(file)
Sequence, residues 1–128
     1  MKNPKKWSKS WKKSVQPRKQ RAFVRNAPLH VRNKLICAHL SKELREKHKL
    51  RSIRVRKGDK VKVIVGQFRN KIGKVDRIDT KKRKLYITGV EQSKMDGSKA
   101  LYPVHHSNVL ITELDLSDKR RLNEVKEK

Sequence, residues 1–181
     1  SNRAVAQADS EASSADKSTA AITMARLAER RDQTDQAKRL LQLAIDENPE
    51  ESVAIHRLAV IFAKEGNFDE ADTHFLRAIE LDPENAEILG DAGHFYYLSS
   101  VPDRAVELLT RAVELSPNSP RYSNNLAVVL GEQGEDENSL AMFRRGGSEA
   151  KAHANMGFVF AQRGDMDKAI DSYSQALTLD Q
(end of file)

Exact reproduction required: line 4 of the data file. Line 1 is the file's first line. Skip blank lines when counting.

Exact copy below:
   101  LYPVHHSNVL ITELDLSDKR RLNEVKEK